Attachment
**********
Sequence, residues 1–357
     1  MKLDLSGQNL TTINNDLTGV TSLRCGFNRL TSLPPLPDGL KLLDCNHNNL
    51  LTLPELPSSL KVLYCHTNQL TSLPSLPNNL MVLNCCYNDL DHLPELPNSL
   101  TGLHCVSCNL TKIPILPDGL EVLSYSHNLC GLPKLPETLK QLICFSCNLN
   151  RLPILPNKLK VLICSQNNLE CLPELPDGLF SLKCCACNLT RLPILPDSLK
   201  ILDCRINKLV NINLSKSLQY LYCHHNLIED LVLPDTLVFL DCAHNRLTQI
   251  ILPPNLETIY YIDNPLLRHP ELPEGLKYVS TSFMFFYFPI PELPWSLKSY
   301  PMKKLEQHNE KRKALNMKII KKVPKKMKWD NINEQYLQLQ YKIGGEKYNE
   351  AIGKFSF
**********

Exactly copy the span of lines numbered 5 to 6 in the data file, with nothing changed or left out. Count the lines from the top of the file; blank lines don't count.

   151  RLPILPNKLK VLICSQNNLE CLPELPDGLF SLKCCACNLT RLPILPDSLK
   201  ILDCRINKLV NINLSKSLQY LYCHHNLIED LVLPDTLVFL DCAHNRLTQI